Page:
The debiting of a mortgage lender's bank account and the corresponding crediting of the mortgagor's account as a result of the latter's dishonest misrepresentation did not amount to the "obtaining" by the mortgagor of "property belonging to" the lender within section 15 of the Theft Act 1968.
The House of Lords allowed appeals by John Crawford Preddy, Mark Slade and Raipaul Singh Dhillon against the dismissal by the Court of Appeal ( Crim LR 564) of their appeals against convictions under section 15(1).
Section 15 provides:
(1) A person who by any deception dishonestly obtains property belonging to another, with the intention of permanently depriving the other of it, shall on conviction on indictment be liable for a term of imprisonment not exceeding ten years.
(2) For the purposes of this section a person is to be treated as obtaining property if he obtained ownership, possession or control of it, and "obtain" includes obtaining for another or enabling another to obtain or retain.
Ivan Krolik QC and Jane Terry (Stephen Fidler & Co, for Bishop & Light, Brighton) for Preddy and Slade; RG Marshall-Andrews QC and Geoffrey Cox (Janes) for Dhillon; Bruce Houlder QC and David Perry (CPS HQ) for the Crown.
Lord Goff said the cases concerned mortgage frauds. The appellants applied to building societies or other lending institutions for advances to be secured by mortgages on properties to be purchased by the applicant. The mortgage applications or accompanying documents contained statements which the appellants knew to be false. They related variously to the appellant's name, employment, income, the intended use of the property or the purchase price.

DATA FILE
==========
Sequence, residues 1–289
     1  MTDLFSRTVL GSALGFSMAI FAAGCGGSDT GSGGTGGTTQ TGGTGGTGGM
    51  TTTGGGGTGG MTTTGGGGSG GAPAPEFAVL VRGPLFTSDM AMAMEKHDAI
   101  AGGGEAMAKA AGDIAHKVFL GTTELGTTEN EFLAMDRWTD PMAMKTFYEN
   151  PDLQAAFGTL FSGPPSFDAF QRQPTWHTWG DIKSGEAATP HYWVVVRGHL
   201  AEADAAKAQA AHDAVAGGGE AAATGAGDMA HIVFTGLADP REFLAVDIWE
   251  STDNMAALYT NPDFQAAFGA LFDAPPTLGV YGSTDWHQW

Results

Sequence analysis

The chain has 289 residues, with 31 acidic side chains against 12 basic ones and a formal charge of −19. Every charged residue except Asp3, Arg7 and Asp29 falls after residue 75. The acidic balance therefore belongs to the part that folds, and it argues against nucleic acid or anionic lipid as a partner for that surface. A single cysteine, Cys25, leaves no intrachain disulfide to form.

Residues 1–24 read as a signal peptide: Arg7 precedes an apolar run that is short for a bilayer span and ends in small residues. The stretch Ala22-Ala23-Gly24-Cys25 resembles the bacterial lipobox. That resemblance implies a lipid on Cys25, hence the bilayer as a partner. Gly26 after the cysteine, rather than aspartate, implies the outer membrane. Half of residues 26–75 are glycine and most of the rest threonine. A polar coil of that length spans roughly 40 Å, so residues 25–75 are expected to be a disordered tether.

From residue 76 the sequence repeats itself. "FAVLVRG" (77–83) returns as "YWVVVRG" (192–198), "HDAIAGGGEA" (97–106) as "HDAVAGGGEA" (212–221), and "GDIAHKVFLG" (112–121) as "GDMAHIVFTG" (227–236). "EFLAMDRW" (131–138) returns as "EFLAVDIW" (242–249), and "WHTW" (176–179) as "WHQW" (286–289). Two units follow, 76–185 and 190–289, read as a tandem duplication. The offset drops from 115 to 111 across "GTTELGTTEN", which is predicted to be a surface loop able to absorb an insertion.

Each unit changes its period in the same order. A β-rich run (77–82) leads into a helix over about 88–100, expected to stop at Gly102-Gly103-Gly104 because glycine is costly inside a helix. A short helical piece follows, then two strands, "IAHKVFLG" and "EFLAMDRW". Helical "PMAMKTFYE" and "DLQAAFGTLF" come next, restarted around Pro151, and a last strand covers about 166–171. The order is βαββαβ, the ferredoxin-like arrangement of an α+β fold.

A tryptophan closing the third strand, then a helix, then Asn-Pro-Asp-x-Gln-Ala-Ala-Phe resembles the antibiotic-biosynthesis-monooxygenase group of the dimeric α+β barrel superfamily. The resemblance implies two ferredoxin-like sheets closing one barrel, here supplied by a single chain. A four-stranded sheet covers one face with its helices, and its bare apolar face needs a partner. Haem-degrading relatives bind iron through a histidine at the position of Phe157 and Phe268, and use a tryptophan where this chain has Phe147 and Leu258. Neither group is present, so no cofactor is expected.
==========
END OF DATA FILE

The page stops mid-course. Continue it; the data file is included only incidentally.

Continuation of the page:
The appellants were charged with dishonestly obtaining, or attempting to obtain, from the relevant lending institution an advance by way of mortgage in a certain sum. When the sum was paid, it was sometimes by cheque, sometimes by telegraphic transfer and sometimes by the clearing house automated payments system (Chaps), which involved an electronic transfer as between banks. For present purposes no distinction need be drawn between telegraphic and electronic transfers, each involving a debit entry in the payer's account and a corresponding credit entry in the payee's.
The Court of Appeal referred to the definition of "property" in section 4(1) of the Act as including "money and all other property, real or personal, including things in action and other intangible property", and concluded that such an electronic transfer was "intangible property" for the purpose of section 15(1).
The Court of Appeal were identifying the sums which were the subject of the relevant charges as sums standing to the credit of the lender in its bank account. Those credit entries would, in his Lordship's opinion, represent debts owing by the bank to the lender which constituted choses in action belonging to the lender and as such fell within the definition of property in section 4(1).
However, identifying the sums in question as property did not advance the argument very far. The crucial question was whether the appellant obtained or attempted to obtain property belonging to another. The question was whether the debiting of the lender's bank account and the corresponding crediting of the applicant's bank account, constituted the obtaining of that property.
The difficulty was that when the bank account of the appellant or his solicitor was credited, he did not obtain the lender's chose in action. On the contrary, that chose in action was extinguished or reduced pro tanto, and a chose in action was brought into existence representing a debt in an equivalent sum owed by a different bank to the appellant or his solicitor. In those circumstances it was difficult to see how the appellant thereby obtained property belonging to another, ie to the lender.
True it corresponded to the debit entered in the lender's bank account, but it did not follow that the property which the appellant acquired could be identified with the property which the lender lost when its account was debited. In truth, section 15(1) was being invoked for a purpose for which it was never designed and for which it did not legislate.
Paul Magrath, BarristerReuse content